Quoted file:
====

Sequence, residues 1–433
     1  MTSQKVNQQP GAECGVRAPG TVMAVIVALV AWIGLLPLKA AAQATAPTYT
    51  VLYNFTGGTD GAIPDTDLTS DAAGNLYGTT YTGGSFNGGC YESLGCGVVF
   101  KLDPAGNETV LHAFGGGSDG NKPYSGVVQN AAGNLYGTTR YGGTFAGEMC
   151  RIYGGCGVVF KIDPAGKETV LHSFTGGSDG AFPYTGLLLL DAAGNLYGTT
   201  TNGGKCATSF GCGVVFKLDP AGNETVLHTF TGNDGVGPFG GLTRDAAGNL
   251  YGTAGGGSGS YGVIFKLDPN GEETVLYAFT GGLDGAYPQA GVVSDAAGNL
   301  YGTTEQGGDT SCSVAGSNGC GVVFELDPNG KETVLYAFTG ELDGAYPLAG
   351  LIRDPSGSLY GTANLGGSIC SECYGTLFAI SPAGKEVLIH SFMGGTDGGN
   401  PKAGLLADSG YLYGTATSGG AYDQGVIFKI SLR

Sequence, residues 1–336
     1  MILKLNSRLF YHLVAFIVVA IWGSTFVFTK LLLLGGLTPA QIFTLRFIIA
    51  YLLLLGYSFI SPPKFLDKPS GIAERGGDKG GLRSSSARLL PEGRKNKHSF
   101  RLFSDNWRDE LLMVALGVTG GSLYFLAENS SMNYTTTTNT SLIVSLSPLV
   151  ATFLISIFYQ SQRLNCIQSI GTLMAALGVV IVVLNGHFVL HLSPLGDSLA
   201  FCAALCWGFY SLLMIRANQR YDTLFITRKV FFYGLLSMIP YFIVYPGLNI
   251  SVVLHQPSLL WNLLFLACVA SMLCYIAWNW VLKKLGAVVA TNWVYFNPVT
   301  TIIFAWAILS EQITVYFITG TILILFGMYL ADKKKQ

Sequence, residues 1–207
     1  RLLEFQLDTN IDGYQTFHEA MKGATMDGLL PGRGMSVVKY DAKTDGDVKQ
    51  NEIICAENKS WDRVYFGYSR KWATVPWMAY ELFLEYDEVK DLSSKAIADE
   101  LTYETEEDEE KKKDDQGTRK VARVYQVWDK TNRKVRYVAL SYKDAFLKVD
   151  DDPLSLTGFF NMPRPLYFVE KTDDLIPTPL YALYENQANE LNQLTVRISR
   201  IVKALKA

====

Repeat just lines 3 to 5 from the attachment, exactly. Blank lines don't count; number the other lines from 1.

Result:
    51  VLYNFTGGTD GAIPDTDLTS DAAGNLYGTT YTGGSFNGGC YESLGCGVVF
   101  KLDPAGNETV LHAFGGGSDG NKPYSGVVQN AAGNLYGTTR YGGTFAGEMC
   151  RIYGGCGVVF KIDPAGKETV LHSFTGGSDG AFPYTGLLLL DAAGNLYGTT